Top City of London lawyer Elaine Aarons is one of the founding mothers of employment law and is a pioneer of flexible working in the legal profession. When Elaine qualified in 1982, employment law was not a recognised speciality. Within two years of qualifying, she decided to make it her sole focus. “I felt I […]

9th April 2015

This is a short trailer introducing the aims of the First 100 Years project, the UK’s pioneering digital space dedicated to the journey of women in law. Filmed on 12 March 2015, on the date of the official launch at the House of Lords.

25th March 2015

The future of London law firms will be threatened unless they speed up efforts to help women progress to their senior ranks, a report warned today.

12th March 2015

Grand portraits hang in the halls of our profession’s historic buildings – from the Law Society to the Inns of Court – and coherently chart the history of men in the legal profession over hundreds of years. They tell of imposing, confident, impressive individuals that have been some of the country’s leading names in law. […]

12th March 2015

On Christmas Eve 1919 the Sex Disqualification (Removal) Act became law. On the same day the appointment of the first seven women to be justices of the peace (JPs) was announced by the Lord Chancellor. One of these seven was Miss Gertrude Mary Tuckwell (1861-1951), who shortly after became the first woman to be sworn […]

25th February 2015

In a first for any legal profession in the world, female Irish solicitors now outnumber male solicitors practising in the country.

25th February 2015

Almost two-thirds of entrants into the Scottish legal profession are women, the Law Society of Scotland has said.

12th December 2014

Baroness Cohen has enjoyed a colourful career, excelling in a remarkably varied number of fields. A published novelist, a Labour peer and Chancellor of BPP University, Janet’s accomplishments to date can be traced back to the earliest part of her career, when she practiced as a solicitor. Having graduated from Newnham College, Cambridge with a […]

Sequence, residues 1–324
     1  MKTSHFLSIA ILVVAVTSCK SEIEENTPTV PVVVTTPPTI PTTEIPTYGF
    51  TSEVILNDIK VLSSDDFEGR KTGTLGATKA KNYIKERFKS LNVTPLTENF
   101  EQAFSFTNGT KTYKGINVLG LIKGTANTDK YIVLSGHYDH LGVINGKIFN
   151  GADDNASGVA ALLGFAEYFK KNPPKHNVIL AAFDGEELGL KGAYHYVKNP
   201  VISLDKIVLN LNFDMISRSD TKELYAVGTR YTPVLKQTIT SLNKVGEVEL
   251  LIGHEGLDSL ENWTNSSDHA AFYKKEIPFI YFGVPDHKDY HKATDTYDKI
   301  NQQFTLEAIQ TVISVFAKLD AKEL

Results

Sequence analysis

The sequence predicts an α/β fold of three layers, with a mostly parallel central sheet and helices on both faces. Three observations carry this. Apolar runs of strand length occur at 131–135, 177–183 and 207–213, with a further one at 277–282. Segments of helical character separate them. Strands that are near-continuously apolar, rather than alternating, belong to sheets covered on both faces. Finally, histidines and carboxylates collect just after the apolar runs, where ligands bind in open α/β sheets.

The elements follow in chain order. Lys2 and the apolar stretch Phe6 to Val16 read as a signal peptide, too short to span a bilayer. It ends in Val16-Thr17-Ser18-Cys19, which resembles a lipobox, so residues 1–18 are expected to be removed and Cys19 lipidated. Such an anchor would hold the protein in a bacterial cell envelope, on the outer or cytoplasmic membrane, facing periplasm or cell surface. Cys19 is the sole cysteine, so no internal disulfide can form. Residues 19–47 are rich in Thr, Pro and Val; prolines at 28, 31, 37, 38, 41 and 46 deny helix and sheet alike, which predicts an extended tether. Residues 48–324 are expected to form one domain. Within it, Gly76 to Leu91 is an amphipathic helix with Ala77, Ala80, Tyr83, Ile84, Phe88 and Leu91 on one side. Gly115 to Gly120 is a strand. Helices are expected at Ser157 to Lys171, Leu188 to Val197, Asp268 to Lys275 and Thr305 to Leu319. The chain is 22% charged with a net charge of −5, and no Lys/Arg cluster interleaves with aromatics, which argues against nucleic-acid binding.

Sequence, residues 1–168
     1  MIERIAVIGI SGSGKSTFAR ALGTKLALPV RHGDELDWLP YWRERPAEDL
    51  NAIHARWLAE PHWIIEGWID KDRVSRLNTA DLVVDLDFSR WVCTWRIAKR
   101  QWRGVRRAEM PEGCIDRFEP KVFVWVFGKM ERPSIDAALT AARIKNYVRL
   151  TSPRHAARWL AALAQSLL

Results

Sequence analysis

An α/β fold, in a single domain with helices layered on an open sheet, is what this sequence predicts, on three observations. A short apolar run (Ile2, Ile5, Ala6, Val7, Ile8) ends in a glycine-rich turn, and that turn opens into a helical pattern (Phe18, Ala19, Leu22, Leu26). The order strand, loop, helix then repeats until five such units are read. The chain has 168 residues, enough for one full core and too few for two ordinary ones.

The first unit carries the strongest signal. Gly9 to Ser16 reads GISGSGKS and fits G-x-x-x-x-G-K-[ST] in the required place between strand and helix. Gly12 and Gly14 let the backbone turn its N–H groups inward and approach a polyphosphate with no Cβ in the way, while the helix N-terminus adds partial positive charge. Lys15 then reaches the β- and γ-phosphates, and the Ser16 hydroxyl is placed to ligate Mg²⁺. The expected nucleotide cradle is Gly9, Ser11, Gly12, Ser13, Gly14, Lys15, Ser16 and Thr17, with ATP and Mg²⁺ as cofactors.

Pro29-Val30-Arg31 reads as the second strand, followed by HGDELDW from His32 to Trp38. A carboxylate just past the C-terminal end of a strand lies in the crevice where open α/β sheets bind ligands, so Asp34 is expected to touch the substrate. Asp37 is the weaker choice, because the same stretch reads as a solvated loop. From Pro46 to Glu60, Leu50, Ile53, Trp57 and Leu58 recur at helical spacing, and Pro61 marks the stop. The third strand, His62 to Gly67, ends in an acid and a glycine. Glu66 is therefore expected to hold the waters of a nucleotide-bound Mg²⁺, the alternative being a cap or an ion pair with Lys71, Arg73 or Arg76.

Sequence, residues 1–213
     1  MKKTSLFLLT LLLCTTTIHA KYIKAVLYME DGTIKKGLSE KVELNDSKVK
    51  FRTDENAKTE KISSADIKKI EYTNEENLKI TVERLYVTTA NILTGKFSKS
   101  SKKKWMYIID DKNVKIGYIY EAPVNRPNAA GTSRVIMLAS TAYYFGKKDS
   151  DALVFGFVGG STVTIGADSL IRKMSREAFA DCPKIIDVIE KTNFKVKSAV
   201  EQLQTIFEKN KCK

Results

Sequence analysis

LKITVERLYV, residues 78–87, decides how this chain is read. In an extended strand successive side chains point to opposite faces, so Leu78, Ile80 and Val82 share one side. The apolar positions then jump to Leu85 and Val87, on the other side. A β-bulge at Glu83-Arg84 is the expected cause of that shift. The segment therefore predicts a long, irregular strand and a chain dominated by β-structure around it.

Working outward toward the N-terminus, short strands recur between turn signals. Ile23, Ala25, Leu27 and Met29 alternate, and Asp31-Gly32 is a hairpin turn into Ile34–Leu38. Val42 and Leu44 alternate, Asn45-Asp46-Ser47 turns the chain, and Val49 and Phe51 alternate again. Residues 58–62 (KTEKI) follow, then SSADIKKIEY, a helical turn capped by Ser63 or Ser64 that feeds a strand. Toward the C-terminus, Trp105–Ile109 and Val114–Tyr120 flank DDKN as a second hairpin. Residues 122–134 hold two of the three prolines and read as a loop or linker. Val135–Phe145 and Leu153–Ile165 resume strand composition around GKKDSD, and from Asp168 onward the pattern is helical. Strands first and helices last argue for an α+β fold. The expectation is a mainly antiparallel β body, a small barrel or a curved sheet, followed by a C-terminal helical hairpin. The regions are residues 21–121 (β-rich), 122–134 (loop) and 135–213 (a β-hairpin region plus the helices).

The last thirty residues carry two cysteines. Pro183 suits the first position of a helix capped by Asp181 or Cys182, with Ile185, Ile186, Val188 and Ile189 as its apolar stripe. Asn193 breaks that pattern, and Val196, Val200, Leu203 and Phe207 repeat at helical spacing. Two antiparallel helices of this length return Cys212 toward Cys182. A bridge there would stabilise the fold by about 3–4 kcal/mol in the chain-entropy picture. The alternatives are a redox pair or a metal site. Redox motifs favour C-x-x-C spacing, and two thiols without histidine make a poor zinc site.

11th December 2014

Baroness Janet Cohen talks to the First 100 Years about her journey in law.

25th November 2014

In a profession in which law firms struggle to retain female talent and establish gender parity at partner level, young female lawyers stand apart.

22nd October 2014

As a young, black woman, Dawn Dixon’s route into a legal career inevitably involved an enormous amount of determination, and even more hard work. That she had not been educated at a red brick university further stacked the odds against her, as this was viewed as essential for anyone with ambitions of climbing to the […]

15th October 2014

Born in 1882, Helena Normanton was the first woman to practice at the Bar (although not the first to be called to the Bar: that accolade went to Oxford academic Ivy Williams). She continually shocked and scandalised the legal profession – and wider political circles – with her tireless refusal to accept female exclusion. She […]

30th September 2014

Born in 1954 and educated at Jews Free School in Camden, Barbara Roche’s attitude to equality and diversity coupled with her natural aptitude for public speaking and debate allowed her to flourish in both of her areas of passion: politics and the law. When it came to choosing a path for university, the world of […]

22nd August 2014

Born in Queensland, Australia, Margaret’s journey to prominence in the legal profession has taken her to the other side of the world, with an enormous amount of hard work required to get her there. As one of six children born into a working class family, Margaret’s work ethic was instilled into her at a young […]

21st August 2014

The richness and diversity of Eileen Pembridge’s experience before qualifying as a lawyer perhaps goes some way to explaining why her approach to the law is so vastly empathetic. Her balancing of a rigorous and effective approach with a genuine and palpable interest in those individuals who seek the help of her firm is perhaps […]

6th August 2014

As one of the UK’s leading judges, Anne Rafferty commands great influence over the legal system, with her success bringing a new touch of radicalism to a traditionally male profession. As the first female chair of the Criminal Bar Association she is a genuine trailblazer, who capitalised upon her novel status as a female in […]

4th August 2014

As the first female head of the International Monetary Fund, Christine Lagarde is one of the most powerful women in the world. As well as being an accomplished lawyer, Lagarde has served on the French government, becoming the first female Finance and Economy Minister of a G7 country. Her legal background – most notably her experience […]